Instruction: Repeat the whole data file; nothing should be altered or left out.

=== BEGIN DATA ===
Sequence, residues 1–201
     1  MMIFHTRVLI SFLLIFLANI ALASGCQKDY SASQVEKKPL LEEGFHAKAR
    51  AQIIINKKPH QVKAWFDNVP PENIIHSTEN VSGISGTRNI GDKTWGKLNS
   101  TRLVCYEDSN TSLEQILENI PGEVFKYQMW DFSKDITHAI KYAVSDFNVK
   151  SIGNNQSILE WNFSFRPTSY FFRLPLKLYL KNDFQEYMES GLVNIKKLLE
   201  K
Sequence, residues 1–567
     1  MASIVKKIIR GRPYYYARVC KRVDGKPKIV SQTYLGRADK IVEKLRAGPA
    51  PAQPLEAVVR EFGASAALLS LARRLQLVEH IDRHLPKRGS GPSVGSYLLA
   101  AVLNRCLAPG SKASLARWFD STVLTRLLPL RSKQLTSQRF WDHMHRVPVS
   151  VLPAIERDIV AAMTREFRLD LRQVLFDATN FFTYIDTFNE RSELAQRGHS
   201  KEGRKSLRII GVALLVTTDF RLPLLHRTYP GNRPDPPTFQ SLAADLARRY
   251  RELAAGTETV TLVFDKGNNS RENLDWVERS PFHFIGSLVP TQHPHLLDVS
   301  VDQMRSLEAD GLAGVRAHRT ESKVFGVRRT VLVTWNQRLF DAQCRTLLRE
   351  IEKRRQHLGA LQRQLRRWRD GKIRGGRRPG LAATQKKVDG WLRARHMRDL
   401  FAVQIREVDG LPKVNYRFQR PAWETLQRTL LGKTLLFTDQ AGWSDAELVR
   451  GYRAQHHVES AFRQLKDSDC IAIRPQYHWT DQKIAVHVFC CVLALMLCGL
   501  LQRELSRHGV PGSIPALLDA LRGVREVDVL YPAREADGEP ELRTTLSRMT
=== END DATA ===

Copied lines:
Sequence, residues 1–201
     1  MMIFHTRVLI SFLLIFLANI ALASGCQKDY SASQVEKKPL LEEGFHAKAR
    51  AQIIINKKPH QVKAWFDNVP PENIIHSTEN VSGISGTRNI GDKTWGKLNS
   101  TRLVCYEDSN TSLEQILENI PGEVFKYQMW DFSKDITHAI KYAVSDFNVK
   151  SIGNNQSILE WNFSFRPTSY FFRLPLKLYL KNDFQEYMES GLVNIKKLLE
   201  K
Sequence, residues 1–567
     1  MASIVKKIIR GRPYYYARVC KRVDGKPKIV SQTYLGRADK IVEKLRAGPA
    51  PAQPLEAVVR EFGASAALLS LARRLQLVEH IDRHLPKRGS GPSVGSYLLA
   101  AVLNRCLAPG SKASLARWFD STVLTRLLPL RSKQLTSQRF WDHMHRVPVS
   151  VLPAIERDIV AAMTREFRLD LRQVLFDATN FFTYIDTFNE RSELAQRGHS
   201  KEGRKSLRII GVALLVTTDF RLPLLHRTYP GNRPDPPTFQ SLAADLARRY
   251  RELAAGTETV TLVFDKGNNS RENLDWVERS PFHFIGSLVP TQHPHLLDVS
   301  VDQMRSLEAD GLAGVRAHRT ESKVFGVRRT VLVTWNQRLF DAQCRTLLRE
   351  IEKRRQHLGA LQRQLRRWRD GKIRGGRRPG LAATQKKVDG WLRARHMRDL
   401  FAVQIREVDG LPKVNYRFQR PAWETLQRTL LGKTLLFTDQ AGWSDAELVR
   451  GYRAQHHVES AFRQLKDSDC IAIRPQYHWT DQKIAVHVFC CVLALMLCGL
   501  LQRELSRHGV PGSIPALLDA LRGVREVDVL YPAREADGEP ELRTTLSRMT